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Tesi etd-10222018-140139

Type of thesis
Perfezionamento
Author
TODARO, NICCOLO MARIA
URN
etd-10222018-140139
Title
What drives corporate environmental proactivity? An institutional, organizational and micro-foundational perspective on environmental strategies and operations.
Scientific disciplinary sector
SECS-P/08
Course
SCIENZE ECONOMICHE E MANAGERIALI - Management
Committee
relatore Dott. DADDI, TIBERIO
Presidente Prof. IRALDO, FABIO
Membro Prof. TURCHETTI, GIUSEPPE
Membro Prof.ssa NUTI, SABINA
Keywords
  • climate change
  • environmental management systems
  • micro-foundations
  • proactive environmental strategy
Exam session start date
;
Availability
parziale
Abstract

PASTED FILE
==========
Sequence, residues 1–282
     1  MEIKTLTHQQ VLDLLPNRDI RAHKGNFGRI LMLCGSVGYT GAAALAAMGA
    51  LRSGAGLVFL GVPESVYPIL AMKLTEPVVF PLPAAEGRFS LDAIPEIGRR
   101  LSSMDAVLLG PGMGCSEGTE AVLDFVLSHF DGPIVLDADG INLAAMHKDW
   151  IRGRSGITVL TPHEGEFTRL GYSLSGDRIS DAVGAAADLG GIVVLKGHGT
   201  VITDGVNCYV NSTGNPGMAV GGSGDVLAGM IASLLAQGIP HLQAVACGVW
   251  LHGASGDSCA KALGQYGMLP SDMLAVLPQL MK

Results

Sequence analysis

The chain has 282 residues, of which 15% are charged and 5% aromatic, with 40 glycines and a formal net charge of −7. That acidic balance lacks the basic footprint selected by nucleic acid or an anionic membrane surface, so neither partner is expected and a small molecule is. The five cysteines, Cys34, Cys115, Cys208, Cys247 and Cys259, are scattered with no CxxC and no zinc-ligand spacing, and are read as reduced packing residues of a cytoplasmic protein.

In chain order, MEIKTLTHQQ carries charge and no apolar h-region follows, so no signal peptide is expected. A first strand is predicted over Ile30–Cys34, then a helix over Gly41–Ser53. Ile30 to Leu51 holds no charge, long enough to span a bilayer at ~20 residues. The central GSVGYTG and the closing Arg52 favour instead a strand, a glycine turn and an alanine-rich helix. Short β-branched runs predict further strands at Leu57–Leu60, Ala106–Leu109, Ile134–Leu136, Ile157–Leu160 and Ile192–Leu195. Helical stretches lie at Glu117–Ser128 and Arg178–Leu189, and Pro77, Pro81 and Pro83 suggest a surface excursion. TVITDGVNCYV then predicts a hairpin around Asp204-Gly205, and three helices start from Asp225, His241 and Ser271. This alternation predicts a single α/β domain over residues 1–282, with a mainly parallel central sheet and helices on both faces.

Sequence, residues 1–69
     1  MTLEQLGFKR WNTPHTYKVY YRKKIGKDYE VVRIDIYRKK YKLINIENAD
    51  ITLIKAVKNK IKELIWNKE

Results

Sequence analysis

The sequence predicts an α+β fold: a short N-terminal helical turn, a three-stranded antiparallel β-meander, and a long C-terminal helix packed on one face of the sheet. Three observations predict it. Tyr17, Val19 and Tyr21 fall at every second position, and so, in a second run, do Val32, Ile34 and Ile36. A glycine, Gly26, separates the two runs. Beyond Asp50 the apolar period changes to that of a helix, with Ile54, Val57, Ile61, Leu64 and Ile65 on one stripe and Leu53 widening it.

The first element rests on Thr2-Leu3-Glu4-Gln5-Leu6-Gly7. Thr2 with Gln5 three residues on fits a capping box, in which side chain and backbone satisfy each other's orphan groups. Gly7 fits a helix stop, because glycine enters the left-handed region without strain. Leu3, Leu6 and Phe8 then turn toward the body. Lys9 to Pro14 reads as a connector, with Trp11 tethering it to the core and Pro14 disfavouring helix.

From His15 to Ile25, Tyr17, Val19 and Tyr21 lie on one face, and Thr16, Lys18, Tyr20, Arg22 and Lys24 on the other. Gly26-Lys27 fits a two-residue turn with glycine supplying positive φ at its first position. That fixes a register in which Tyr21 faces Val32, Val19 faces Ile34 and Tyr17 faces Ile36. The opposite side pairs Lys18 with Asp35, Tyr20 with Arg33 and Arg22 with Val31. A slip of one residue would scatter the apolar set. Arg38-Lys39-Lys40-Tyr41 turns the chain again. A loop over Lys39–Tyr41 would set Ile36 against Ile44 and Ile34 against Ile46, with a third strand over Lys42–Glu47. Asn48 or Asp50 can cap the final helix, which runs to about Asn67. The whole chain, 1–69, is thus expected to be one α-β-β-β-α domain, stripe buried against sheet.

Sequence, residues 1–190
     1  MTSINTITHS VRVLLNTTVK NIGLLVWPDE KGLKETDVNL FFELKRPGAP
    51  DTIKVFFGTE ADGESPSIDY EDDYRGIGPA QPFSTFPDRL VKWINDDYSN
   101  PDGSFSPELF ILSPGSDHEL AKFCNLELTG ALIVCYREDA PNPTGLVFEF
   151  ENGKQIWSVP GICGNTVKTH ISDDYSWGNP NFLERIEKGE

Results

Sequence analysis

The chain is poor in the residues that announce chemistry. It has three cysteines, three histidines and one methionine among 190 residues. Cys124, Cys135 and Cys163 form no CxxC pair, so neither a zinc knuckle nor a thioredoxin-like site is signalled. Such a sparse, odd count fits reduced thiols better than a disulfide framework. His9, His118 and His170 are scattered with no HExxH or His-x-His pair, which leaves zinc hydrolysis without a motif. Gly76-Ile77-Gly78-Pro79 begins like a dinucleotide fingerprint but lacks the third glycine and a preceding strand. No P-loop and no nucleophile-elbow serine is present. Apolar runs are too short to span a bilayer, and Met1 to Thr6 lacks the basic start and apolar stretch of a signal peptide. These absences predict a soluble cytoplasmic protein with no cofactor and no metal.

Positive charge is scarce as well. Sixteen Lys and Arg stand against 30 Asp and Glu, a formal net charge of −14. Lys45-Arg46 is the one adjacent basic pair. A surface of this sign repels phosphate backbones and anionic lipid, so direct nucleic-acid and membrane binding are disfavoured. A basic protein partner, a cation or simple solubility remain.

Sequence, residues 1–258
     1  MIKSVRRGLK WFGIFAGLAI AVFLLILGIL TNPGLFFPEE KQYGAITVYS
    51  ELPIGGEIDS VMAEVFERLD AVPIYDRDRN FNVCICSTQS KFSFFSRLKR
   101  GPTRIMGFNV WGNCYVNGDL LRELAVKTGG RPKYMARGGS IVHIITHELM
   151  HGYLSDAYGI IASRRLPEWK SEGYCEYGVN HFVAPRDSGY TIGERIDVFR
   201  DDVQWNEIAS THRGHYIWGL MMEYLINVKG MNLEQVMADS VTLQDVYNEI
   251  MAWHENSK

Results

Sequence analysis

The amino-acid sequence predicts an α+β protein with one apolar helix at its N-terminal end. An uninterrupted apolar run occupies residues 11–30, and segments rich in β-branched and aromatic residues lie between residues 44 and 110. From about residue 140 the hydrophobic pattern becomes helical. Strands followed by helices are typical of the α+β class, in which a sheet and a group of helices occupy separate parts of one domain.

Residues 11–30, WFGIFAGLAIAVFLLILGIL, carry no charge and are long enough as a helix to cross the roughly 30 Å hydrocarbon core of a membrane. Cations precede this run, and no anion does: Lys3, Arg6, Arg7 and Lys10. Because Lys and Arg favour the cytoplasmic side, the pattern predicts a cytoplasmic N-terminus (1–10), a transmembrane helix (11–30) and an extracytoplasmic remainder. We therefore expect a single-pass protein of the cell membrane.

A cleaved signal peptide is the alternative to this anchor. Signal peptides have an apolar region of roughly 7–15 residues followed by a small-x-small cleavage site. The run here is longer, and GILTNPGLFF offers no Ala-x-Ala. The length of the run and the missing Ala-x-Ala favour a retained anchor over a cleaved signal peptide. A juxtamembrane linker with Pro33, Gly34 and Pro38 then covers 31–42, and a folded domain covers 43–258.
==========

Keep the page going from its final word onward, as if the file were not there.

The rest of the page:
1. Modern challenges of corporate environmentalism: corporate engagement with climate change and the substantive adoption of environmental management practices.<br>Despite corporate environmentalism contributed enhancing companies’ environmental proactivity, the relation between business and the natural environment still entails numerous challenges. The recent mainstreaming of corporate environmentalism have revealed the limits and downsides of market-based or “win-win” environmental solutions. The assumption of coupling environmental and financial goals precludes far-reaching environmental investments that have uncertain economic benefits or high upfront costs, while incentivizing initiatives that yield certain economic outcomes in the short term but lesser environmental benefits (Slawinski et al., 2015). Similarly, narrow economic perspectives on sustainability lead to opportunistic behaviours, by incentivizing a symbolic engagement with corporate environmentalism for securing reputational benefits, while overlooking environmental improvements (Bowen &amp; Aragon-Correa, 2014).<br>Similar challenges are evident when companies confront with climate change. Climate change resulting from industrial greenhouse gases (GHG) emissions constitute a threat for society as a whole, as well as for most industries (Winn et al., 2011). Global warming threatens business productivity, it affects consumers’ patterns of consumption and it undermines the legitimacy of current production methods. Following the ratifications of the Kyoto Protocol in 1994 and the Paris Agreement in 2015, business actors have been called to implement strategies for mitigating the detrimental externalities of industrial activities on global climate, while adapting to the irreversible implications of a rapidly changing natural environment (Lash &amp; Wellington, 2007). <br>However, companies’ capacity and willingness to proactively act upon climate risks depends on a wide array of interconnected factors pertaining to the organizational, political, economic and societal spheres. Solutions to climate change often question well-established organizational practices and structures, require developing new knowledge and technologies, and challenge widespread assumptions about the role of organizations within market and institutional environments (Hoffman, 2010). At the same time, managers’ short-term thinking and limited understanding of climate science, widespread regulatory uncertainty, fickle policy support and difficulties in accessing reliable information about future climate scenario hinder climate-resilient investments and often overshadow market and business opportunities inherent in climate action (Lash &amp; Wellington, 2007; Slawinski et al., 2015). The combined effect of similar circumstances enhances the complexity of the climate change issue and hampers more radical and effective solutions from the business sector.<br>Critical views of corporate environmentalism have also highlighted that environmental proactivity driven by reputational improvements and commercial gains often result in decoupling formal organizational practices, which companies adopt for ensuring compliance with external expectations, from the operational practices actually implemented (Furrer et al., 2012). This phenomenon has been denominated symbolic corporate environmentalism and is defined as a more subtle form of greenwashing that rely on signalling misleading environmental information through the adoption of widely recognized symbols (e.g. certifications, eco-labels, visible organizational practices etc.) that are detached from actual environmental improvements (Bowen &amp; Aragon-Correa, 2014). <br>Symbolic corporate environmentalism often occurs when certifiable environmental standards, such as ISO 14001 and the Eco-Management and Audit Scheme (EMAS), are formally adopted but not effectively integrated within daily operational practices. The popularity of similar voluntary management standards has indeed contributed to a widespread diffusion of certified EMS in most industry sectors globally. However, the causal relation between the adoption of certifiable EMS and environmental improvement is often ambiguous or unconvincing (Iraldo et al., 2009; Prajogo et al., 2016). The debate surrounding the effectiveness of certifiable EMS has revealed that companies often superficially adopt management system standards for reputational or commercial purposes, while they do not substantively internalize EMS requirements in their daily management practices (Boiral, 2007). Such symbolic adoption of certifiable EMS prevent environmental improvement, but still allow companies to signal superior environmental performance within their market and institutional contexts to secure reputational and commercial benefits (King et al., 2005). Similar behaviours question the reliability of both self-regulatory environmental management tools, such as standard-based EMS, and third-party verification and certification processes, therefore challenging relevant mechanisms of modern corporate environmentalism (Dogui et al., 2014).<br><br>2. Academic debates on corporate environmentalism.<br>Corporate responses to climate change and the internalization of environmental management practices have attracted considerable scholarly attention in recent years as two distinct research fields. However, despite being apparently thematically distinct, the two phenomenon come together under the common umbrella of proactive environmental practices. The adoption of climate change initiatives and certifiable EMS are, in the majority of cases, voluntary behaviours based on organizational and managerial discretion, dictated by strategic considerations rather than coercive regulations (Aragon-Correa &amp; Rubio-Lopez, 2007). In this perspective, the two research fields can be considered as diverse research settings for a common phenomenon. Indeed, the academic debates on the dynamics and drivers underlying corporate responses to climate change and EMS adoption have been characterized by similar theoretical and empirical approaches.<br>Organizational research has mostly approached corporate environmentalism through the lenses of strategic management. This perspective ascribes similar environmental initiatives to proactive environmental strategies driven by institutional and normative pressures and organizational improvements (i.e. efficiency, organizational capabilities, market opportunities etc.) (Sharma &amp; Vredenburg, 1998; Aragon-Correa &amp; Sharma, 2003). Inherent in the strategic management discourse of corporate environmentalism is a competitive advantage argument, which revolves around the question whether “it pays to be green” and, more specifically, “when and how it pays to be green” (Bansal &amp; Hoffman, 2012).<br>Theoretically, this perspective has largely relied on institutional theory and the resource-based view (RBV) of the firm to explain how companies design environmental strategies based on developments of their external environment, both from and institutional and organizational perspective. Neo-institutional perspectives state that corporate environmental behaviour is very much a product of pressures exerted by external constituents, such as clients, competitors, regulatory authorities, trade associations etc. (Bansal &amp; Hoffman, 2012). Companies adapt practices and structures to conform to regulatory, normative or mimetic prescriptions that dictate adequate behaviours in a given field. This implies isomorphism, as more and more organizations endorse “rational myths” and conform to expected behaviour. While institutional theory provides an “outside-in” view on corporate environmentalism, the RBV of the firm provides an “inside-out” organizational perspective on how companies develop environmental strategies by leveraging key organizational capabilities that match demands of the external environment. The RBV has therefore directed attention towards the processes within the “black box” of a firm that underlie companies’ proactive environmental stances (Delmas &amp; Toffel, 2008).<br>In parallel to the strategic management perspectives, another stream of corporate sustainability research has drawn on theories of organizational behaviour and organizational psychology to study individual-level drivers of companies’ environmental behaviour. Despite being more recent and less developed if compared to institutional and organizational perspectives, this stream has contributed understanding how employees, middle and top managers’ behavioural and cognitive traits affect organizational action and contribute to corporate “greening” according to an upper echelon theoretical perspective (Aragón-Correa et al., 2004). Underlying this perspective is the assumption that organizational members’ cognitive and behavioural traits affect decision-making processes at the organizational level, influencing the selection and interpretation of strategically salient issues and, eventually, the elaboration of organizational responses (Sharma et al., 1999).<br>By means of a micro-foundational approach, similar studies have highlighted diverse forms of individual-level drivers of corporate environmentalism, such as instrumental, relational and moral drivers (Gond et al., 2017). Instrumental drivers embody power motives and self-interest or, in other terms, expectations of individual returns from engaging in particular organizational initiatives (Wijen, 2014). Relational drivers refer to individuals’ emotional features such as belongingness and sense of community, while moral drivers embody higher order needs and values that are usually defined as care-based concerns (Bansal &amp; Roth, 2000). Common examples of moral drivers include concerns for the natural environment (Bansal, 2003), prosocial values or person-organization fit (Jones et al., 2009). In addition to these typologies, micro-foundations of corporate environmentalism include sociodemographic characteristics (Galbreath, 2011), knowledge and awareness of environmental issues (Gadenne et al., 2009; Begum &amp; Pereira, 2014), managerial discretion and perceived organizational support (Cordano &amp; Frieze, 2000), and leadership style (Christensen et al., 2014). Besides identifying similar individual drivers, this growing stream of research has also provided useful insights on how to leverage, support and diffuse behavioural and cognitive drivers of proactive environmental practices.<br><br>3. Scope, structure and outline of the thesis.<br>Despite a burgeoning interest on the micro-foundations of corporate environmentalism, attempts to merge institutional, organizational and individual-level approaches to sustainability research have been scarce. However, several scholars have been pointing out that a more sustainable relationship between business and the natural environment requires overcoming both individual-level, organizational-level and contextual barriers that hinder organizational change and perpetuate unsustainable corporate behaviour (Hoffman, 2010). Indeed, according to Hoffman (2010), organizational responses to environmental sustainability issues “must emerge from an alteration of the organizational system, reaching deep into the levels of the core beliefs and values that members hold towards the relationship among the organization, the market and the natural environment”. In this perspective, applying only a single theoretical perspective to corporate environmentalism is likely to provide an incomplete picture of the phenomenon and a limited understanding of its complexities. Therefore, as stated by Bansal &amp; Roth (2000), “applications of organization theory within work on organizations and the natural environment necessitate and facilitate the bridging of theories that are often treated independently”.<br>The present thesis aims at answering previous calls for more integrative theoretical approaches to corporate sustainability research. To this aim, the thesis contributes to a more systematic understanding of the theoretical underpinnings of some of the most relevant challenges in modern corporate environmentalism, namely corporate engagement with climate change and the substantive internalization of certifiable EMS. Furthermore, the thesis contributes advancing organizational research on the drivers of corporate responses to climate change and certifiable EMS internalization by merging the strategic management perspective with insights from behavioural and cognitive research on proactive environmental corporate behaviour. <br>Accordingly, the thesis tackles two distinct corporate sustainability issues to fulfil a dual objective:<br>1. Providing a comprehensive and systematic understanding of the theoretical perspectives that have characterized organizational research on corporate responses to climate change and certifiable EMS adoption, in order to identify dominant research approaches and highlight theoretical gaps;<br>2. Investigating drivers of organizational responses to climate change and certifiable EMS internalization, by merging institutional and organizational approaches with a micro-foundational perspective on the individual-level drivers of corporate environmental behaviour.<br>To achieve such objectives, two thematic sections compose the thesis. The first section, i.e. Chapter 2 and Chapter 3, tackles the topic of organizational responses to climate change, while the second section, i.e. Chapter 4 and Chapter 5, focuses on certifiable EMS and the substantive internalization of EMS requirements. In each section, the first chapter is dedicated to a systematic theoretical literature review, while the second chapter is an empirical study based on a quantitative methodology. <br>The two theoretical literature reviews aim at introducing the topics of the thesis, by outlining extant literature on corporate responses to climate change and EMS, while mapping the most prominent theoretical frameworks and perspectives on such phenomenon. In particular, each theoretical review provides a classification of management theories and perspectives / units of analysis that have been applied to research in these fields in order to highlight theoretical gaps, avenues for further research and unprecedented opportunities for combining different theoretical frameworks. Consequently, the empirical studies contribute filling the research gaps previously identified, by investigating drivers of corporate responses to climate change and EMS internalization both from an institutional and organizational-level perspective, as well as from an individual-level perspective on the cognitive and behavioural drivers of pro-environmental behaviour in the organizational context.<br>In the first section of the thesis, Chapter 2 is titled “A systematic review of the use of organization and management theories in climate change studies”. The chapter reviews climate change literature in order to classify, describe and discuss the most prominent theoretical contributions of climate change studies in the business management field. The theoretical review highlights the strategic management perspective as the dominant approach to corporate responses to climate change and confirms the dominant role of neo-institutional and stakeholder theories in this research field. On the other hand, behavioural and cognitive approaches to organizational responses to climate change are almost non-existing, despite psychological and behavioural theories (such as theory of planned behaviour and prospect theory) are diffused among consumer studies. Drawing on such observations, Chapter 3 develops and test a model of organizational responses to climate change that merge the neo-institutional and strategic perspective with insights from behavioural theories, such as sense-making theory and theory of planned behaviour. This chapter is indeed titled “Merging strategic and behavioural perspectives on corporate responses to climate change: institutional, organizational and individual drivers of climate action in the Italian manufacturing industry”. Drawing on data from a sample of Italian manufacturing companies, the chapter sheds light on the individual-level dynamics through which regulatory and market pressures, as well as climate risk exposure, drive proactive corporate responses to climate change. The study points out organizational factors as managers’ discretion and availability of resources as important antecedents of corporate engagement with climate change in contexts characterized by institutional and market pressures. On the other hand, individual-level variables do not emerge as relevant antecedents.<br>The second section of the thesis shifts the focus on certifiable standard-based EMS, with a particular attention on ISO 14001 and EMAS. In particular, Chapter 4 – titled “Organization and management theories in environmental management systems research: a systematic literature review” – provides a theoretical review of the literature on certifiable EMS. The study highlights that despite the extensive empirical literature, academic research on ISO 14001 and EMAS remains characterized by a technical and pragmatic connotation. As in the case of climate change studies, strategic management theory emerges as the dominant outlook on standard-based environmental management. Accordingly, institutional and organizational-level perspectives are most common in this research field, therefore the individual-level dynamics underlying the adoption and effectiveness of certifiable EMS in the organizational context are widely overlooked. To contribute filling this gap, Chapter 5 advances a multi-level perspective on the contextual antecedents of substantive or symbolic internalization of certifiable EMS. This study – titled “Endogenous and exogenous contextual determinants of environmental management system internalization” – investigates data from an extensive survey of European ISO 14001-certified and EMAS-registered companies, to test the influence of exogenous and endogenous contextual factors on internalization. Drawing on Bansal &amp; Roth (2010) model of ecological responsiveness and Ocasio’ attention-based view of the firm (Ocasio, 1997), the model combines factors pertaining to companies’ institutional environment, such as stakeholders’ environmental concern and governmental regulatory incentives for certifiable EMS adoption, with individual-level variables pertaining to environmental managers’ cognitive traits and mental models. The results suggest that cognitive and behavioural approaches to the research in the environmental management field are promising, highlighting managers’ cognitive traits as influential in EMS internalization processes.<br>Lastly, Chapter 6 discusses some conclusive remarks, highlighting the contributions of the present thesis to organizational research on corporate sustainability, to managerial practice and to policy-making on voluntary environmental management.<br>